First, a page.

La Strada (1954)

la strada poster 1954 movie
9.5 Overall Score
Story: 9/10
Acting: 10/10
Visuals: 9/10

Giulietta Masina pulls the heartstrings and pushes the movie

Anthony Quinn isn't to Masina's level

Movie Info

Movie Name: La Strada

Studio:  Ponti-De Laurentiis Cinematografica

Genre(s): Drama

Release Date(s):  September 6, 1954 (Venice)/July 16, 1956 (US)

MPAA Rating: Not Rated

la strada giulietta masina anthony quinn zampano gelsomina

He’s a total asshole…but he’s mine…maybe

Gelsomina (Giulietta Masina) is a quiet mousy girl from a poor family.  When her sister Rosa dies, strong-man performer Zampanò (Anthony Quinn) offers to take Gelsomina off her mother’s hands to be his assistant.  Gelsomina is seeing the world for the first time and experiencing a life she never expected.  Despite Zampanò cruel behavior and treatment of her, Gelsomina finds her new life better than her old life and even befriends a fellow performer in Il Matto aka the Fool (Richard Basehart).  Il Matto and Zampanò aren’t on the same page about many things, but they both have interest in Gelsomina…but loyalty could have a price.

Written and directed by Federico Fellini (with additional scripting by Tullio Pinelli and Ennio Flaiano), La Strada (aka The Road) is an Italian drama.  Following Fellini’s I Vitelloni in 1953 and a segment of Love in the City also in 1953, the film pushed Fellini to a nervous breakdown, but was one of his most well received films over his career.  The film received an Academy Award for Best Foreign Language Film and a nomination for Best Original Screenplay.  The Criterion Collection released a remastered version of the film (Criterion #219) and it was also included as part of the Essential Fellini boxset.

If you like film, Federico Fellini is someone that you at least have to attempt to like.  If you are willing to give in to the idea that you might not understand all the nuances of his scripts and films, you can begin to see while his work is hailed and endures.

la strada giulietta masina anthony quinn zampano gelsomina wedding

Come one, come all to a really bad drum circle featuring one drum

There is a simplicity to La Strada that sometimes plays as a slice of life.  While it is a drama, there is a kindness and sympathy to it that is largely brought by the Gelsomina character and her sympathy and love of life.  She is fiercely loyal (she even explains about how she wanted to leave Zampanò multiple times, but she stayed with him) and though she seems rather simple, her empathy replaces what she is missing in intelligence…she’s a genuine good person.  That is why it is so heartbreaking that when she finds another person that matches with her in the Fool that her loyalty overrides her desire…and it release to tragedy for all involved.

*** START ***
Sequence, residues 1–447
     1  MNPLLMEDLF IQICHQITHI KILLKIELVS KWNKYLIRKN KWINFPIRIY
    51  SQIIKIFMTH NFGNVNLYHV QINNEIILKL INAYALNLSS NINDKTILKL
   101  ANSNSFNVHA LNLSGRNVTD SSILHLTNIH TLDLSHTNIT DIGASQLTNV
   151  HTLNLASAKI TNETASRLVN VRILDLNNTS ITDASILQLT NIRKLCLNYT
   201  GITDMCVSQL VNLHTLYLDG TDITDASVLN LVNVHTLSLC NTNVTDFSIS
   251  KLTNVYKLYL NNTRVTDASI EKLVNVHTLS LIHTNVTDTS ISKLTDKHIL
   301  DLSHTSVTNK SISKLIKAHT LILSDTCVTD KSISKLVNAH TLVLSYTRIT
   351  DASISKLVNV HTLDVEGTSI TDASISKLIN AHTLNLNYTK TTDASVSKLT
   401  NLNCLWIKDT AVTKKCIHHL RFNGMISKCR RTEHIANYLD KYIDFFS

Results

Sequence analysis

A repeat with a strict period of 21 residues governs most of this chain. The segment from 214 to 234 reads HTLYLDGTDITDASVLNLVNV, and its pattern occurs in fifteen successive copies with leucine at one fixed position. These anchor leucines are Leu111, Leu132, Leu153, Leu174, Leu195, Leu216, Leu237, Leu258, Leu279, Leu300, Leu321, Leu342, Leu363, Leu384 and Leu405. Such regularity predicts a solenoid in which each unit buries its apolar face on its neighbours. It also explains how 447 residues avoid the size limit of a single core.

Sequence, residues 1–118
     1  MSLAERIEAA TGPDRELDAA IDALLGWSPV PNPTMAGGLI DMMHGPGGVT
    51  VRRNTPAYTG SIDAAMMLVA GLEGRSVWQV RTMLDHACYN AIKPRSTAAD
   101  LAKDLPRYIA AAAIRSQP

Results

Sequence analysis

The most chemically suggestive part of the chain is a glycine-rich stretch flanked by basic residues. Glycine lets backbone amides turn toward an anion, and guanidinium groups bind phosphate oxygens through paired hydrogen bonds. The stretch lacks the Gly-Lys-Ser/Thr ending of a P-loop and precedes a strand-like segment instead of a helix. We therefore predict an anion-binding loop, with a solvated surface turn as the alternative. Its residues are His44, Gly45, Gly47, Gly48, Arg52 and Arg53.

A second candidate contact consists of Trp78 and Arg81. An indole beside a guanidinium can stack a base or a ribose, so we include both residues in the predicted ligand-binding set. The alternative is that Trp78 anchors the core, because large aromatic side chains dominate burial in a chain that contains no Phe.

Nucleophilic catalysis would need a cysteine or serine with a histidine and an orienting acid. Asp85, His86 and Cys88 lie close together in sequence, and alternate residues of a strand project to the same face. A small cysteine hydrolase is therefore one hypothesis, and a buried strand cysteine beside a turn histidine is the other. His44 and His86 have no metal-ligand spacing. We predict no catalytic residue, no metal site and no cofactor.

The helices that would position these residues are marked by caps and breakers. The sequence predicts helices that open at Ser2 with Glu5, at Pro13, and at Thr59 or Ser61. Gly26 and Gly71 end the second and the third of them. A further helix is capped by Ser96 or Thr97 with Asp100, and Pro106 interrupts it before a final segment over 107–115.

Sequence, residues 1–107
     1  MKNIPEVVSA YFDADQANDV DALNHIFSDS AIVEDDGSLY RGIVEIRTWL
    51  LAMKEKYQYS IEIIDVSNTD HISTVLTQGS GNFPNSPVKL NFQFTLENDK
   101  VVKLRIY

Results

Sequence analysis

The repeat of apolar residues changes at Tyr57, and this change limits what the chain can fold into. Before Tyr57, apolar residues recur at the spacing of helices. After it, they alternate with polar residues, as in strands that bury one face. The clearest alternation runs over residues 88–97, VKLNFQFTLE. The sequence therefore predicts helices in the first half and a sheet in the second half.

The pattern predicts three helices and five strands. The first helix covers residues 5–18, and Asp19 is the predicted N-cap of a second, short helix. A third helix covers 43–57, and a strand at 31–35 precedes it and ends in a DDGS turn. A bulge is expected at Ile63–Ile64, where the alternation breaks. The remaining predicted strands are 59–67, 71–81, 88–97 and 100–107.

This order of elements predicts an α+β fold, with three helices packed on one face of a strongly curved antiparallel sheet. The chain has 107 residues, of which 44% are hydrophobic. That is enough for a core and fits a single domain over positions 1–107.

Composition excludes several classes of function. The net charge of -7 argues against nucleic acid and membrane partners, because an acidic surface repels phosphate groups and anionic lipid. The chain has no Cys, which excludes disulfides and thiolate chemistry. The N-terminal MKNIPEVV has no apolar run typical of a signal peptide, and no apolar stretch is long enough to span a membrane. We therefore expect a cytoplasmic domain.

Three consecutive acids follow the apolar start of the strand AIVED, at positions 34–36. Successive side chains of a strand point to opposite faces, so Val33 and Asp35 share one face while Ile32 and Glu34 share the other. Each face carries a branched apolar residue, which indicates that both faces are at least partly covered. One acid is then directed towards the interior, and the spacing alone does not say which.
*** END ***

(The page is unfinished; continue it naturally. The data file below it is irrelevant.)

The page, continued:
Giulietta Masina really owns the role and has many moments that are memorable from her classic clown performances to the moment where she breaks…and is unable to maintain her grasp on reality from what she has seen and in turn been an accomplice to.  Anthony Quinn is a bit tougher.  He blusters and bumbles as a drunk, and he is roughly dubbed into Italian which hurts his character a bit.  Fortunately the character is supposed to be a blowhard jerk and Quinn’s acting matches up with it.  Richard Basehart is the Fool (and also dubbed), but he’s also the jester.  He likes to play and sometimes people are hurt…but it is like he’s in his own world, and the hurt he takes for his actions isn’t equivalent.  He’s almost just collateral damage for Zampanò’s rage.

la strada giulietta masina richard basehart the fool gelsomina

You know you don’t have to settle if you don’t want to…

The movie is simple as well.  It presents a very real and very poor Italy where scrounging and scrimping is the only means to get by.  The make-up and look of the film just fits the story and the coldness of the land in the ending matches the coldness that the story ends in.

You hope La Strada is going to end differently.  You hope that either Zampanò will realize he loves Gelsomina and fix the errors of his way or that Gelsomina will decide that The Fool is a better match for her and tell off Zampanò…but it unfortunately doesn’t end that way.  The dice are rolled and the damage is done…and the only one who makes it out alive is the least deserving.  It’s a hard, cold world.  Fellini followed La Strada with Il Bidone in 1955.

Author: JPRoscoe View all posts by
Follow me on Twitter @JPRoscoe76! Loves all things pop-culture especially if it has a bit of a counter-culture twist. Plays video games (basically from the start when a neighbor brought home an Atari 2600), comic loving (for almost 30 years), and a true critic of movies. Enjoys the art house but also isn't afraid to let in one or two popular movies at the same time.

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